Svana sat at the window scowling


It had been a couple of weeks since the ice breakers had departed followed by an armada of cruise ships and navy vessels. Everyone had abandoned their beautiful homes to the advancing ice. Hinrik had obviously gone with them as he hadn’t been round to see her since the ships departed. Now the planes had stopped and the ice looked so thick the ships couldn’t get through even with the biggest ice breakers.

She had watched the ice come and slowly cover everything, huge icicles hung from the roofs and the wall of ice on the sea towered over the buildings near the shore. With it had also come silence, a deep lonely and chilling silence like nothing she had ever experienced, punctuated by the groans and howls of the sea ice. Even the puffins were gone, oh how she had adored those little birds and it broke her heart to think she may never see one again.

All around the world the most northerly communities were emigrating south to makeshift refugee camps in any countries willing to accept them, but everyone knew it would be only a hand full of years before the entire world’s population would be trying to cram into an ever narrowing band around the equator. The super powers were preparing their armies for war, everybody knew but nobody spoke of it.

Everything had happened so fast the scientists were still bickering over theories, global warming, the earth’s magnetic field flipping, strange never before seen solar activity, even aliens were being blamed. But the truth was nobody really knew, it could be all of them or none of them. One fact remained, the planet had suddenly and catastrophically changed; ocean currents had changed or stopped completely, the polar temperature was dropping by several degrees a year.

* * *
Svana sat at the window scowling. She had sat at the same window every day since she was a child watching life go by in Reykjavik a few minutes at a time. Now she was 81 and spent most of every day sat at the window. Hinrik had come twice every day for several years now to look after her, he wasn’t a relation just a helpful neighbour. They had been neighbours for many years and he was getting on in years himself now. Svana smiled recollecting her good friend and neighbour and some of the good times they had together. It was certainly more interesting than the view of the town. Nothing had moved in Reykjavik for over a week, not a car, bike or person had been seen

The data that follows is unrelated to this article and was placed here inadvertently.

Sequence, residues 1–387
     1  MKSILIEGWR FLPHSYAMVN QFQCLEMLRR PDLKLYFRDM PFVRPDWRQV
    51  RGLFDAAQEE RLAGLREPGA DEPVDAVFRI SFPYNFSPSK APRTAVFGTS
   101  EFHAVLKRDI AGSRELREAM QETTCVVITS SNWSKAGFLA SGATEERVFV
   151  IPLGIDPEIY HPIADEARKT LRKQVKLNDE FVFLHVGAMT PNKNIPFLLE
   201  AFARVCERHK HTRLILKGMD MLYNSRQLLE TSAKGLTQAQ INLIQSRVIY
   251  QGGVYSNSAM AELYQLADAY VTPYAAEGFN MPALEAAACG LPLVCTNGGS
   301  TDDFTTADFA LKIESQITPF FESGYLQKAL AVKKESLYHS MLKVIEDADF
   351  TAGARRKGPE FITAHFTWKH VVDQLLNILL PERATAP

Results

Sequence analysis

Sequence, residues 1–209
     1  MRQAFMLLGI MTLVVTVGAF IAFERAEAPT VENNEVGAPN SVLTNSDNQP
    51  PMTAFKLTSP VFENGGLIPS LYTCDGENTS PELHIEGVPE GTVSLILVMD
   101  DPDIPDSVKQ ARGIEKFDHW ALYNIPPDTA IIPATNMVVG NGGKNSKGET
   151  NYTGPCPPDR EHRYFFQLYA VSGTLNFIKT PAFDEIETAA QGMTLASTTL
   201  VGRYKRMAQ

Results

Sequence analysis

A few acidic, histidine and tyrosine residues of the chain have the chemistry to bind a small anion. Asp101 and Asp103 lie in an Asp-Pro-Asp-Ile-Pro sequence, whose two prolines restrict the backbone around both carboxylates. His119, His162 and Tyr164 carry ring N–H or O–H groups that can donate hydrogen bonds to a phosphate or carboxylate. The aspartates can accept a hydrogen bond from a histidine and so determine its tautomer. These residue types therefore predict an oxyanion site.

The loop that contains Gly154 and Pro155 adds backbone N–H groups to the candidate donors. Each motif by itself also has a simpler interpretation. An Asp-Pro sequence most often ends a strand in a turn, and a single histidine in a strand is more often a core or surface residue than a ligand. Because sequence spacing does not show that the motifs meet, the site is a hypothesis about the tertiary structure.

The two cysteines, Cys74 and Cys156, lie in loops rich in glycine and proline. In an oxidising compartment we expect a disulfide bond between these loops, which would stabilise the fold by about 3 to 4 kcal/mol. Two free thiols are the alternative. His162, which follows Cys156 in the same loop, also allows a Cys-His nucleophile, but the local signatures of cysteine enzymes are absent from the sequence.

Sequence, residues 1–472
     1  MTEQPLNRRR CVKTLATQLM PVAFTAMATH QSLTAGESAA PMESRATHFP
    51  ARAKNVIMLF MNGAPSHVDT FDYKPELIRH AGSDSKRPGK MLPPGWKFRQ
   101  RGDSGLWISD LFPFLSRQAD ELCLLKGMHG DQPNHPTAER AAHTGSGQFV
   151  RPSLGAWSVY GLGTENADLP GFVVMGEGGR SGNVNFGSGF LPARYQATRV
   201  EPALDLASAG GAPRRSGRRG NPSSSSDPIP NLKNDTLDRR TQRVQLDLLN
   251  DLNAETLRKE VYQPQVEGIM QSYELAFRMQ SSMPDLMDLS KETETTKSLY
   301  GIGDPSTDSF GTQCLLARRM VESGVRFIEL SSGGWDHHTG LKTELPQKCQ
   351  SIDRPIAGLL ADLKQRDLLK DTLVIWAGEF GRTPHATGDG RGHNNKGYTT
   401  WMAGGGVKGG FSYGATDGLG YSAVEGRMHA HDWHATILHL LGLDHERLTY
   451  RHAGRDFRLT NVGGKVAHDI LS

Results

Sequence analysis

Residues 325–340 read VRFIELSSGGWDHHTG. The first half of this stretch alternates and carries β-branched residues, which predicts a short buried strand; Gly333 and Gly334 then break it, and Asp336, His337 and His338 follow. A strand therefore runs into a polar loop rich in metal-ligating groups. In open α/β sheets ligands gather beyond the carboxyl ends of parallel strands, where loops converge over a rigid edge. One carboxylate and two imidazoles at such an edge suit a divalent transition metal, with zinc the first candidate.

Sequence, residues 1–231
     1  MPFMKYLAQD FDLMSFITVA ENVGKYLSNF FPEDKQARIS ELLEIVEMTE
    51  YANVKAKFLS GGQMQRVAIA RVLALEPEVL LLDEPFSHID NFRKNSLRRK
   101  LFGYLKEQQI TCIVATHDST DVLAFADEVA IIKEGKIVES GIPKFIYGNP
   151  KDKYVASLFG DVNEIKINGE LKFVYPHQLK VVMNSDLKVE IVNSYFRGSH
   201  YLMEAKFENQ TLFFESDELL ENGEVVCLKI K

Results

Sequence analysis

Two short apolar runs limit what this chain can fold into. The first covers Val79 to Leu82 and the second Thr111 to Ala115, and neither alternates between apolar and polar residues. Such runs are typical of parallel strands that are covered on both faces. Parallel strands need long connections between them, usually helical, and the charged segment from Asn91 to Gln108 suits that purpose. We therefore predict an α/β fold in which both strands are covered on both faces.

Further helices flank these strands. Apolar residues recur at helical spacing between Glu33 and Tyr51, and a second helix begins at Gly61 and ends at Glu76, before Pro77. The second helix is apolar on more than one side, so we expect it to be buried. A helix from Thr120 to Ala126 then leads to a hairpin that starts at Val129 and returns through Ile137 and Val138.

* * *
Svana was close to death after two weeks without food or water. Her frail form sat slumped in the old arm chair surrounded by a fetid pool of her own excrement. She longed for death, wanted an end to her torment, an escape to a better place. Actually she had wanted this for years now, ever since her frail body had robbed her of her mobility and dignity but Hinrik had done a great job of looking after her and refused to listen to her pleas to let her go.

Consciousness was a fleeting thing, which was a blessing. Svana was convinced she was the only person left, everyone else had gone leaving her forgotten and alone to die. Before she did though she cursed them all, cursed them to a life of misery and a slow lingering death. Then her last breath eased its way through her thin cold blue lips. Her eyes slowly faded and she was free. Leaving behind a world about to be locked in its deepest darkest war, a genocide like no other, possibly even the end of humanity itself.

A Flash Fiction set in the Hope Universe

By Ian J Wilson

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